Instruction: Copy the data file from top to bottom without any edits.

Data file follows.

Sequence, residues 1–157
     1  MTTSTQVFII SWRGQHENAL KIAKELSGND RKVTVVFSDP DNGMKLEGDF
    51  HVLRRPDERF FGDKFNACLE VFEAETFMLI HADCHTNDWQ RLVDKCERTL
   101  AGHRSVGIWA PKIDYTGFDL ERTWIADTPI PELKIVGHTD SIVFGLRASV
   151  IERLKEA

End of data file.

Sequence, residues 1–157
     1  MTTSTQVFII SWRGQHENAL KIAKELSGND RKVTVVFSDP DNGMKLEGDF
    51  HVLRRPDERF FGDKFNACLE VFEAETFMLI HADCHTNDWQ RLVDKCERTL
   101  AGHRSVGIWA PKIDYTGFDL ERTWIADTPI PELKIVGHTD SIVFGLRASV
   151  IERLKEA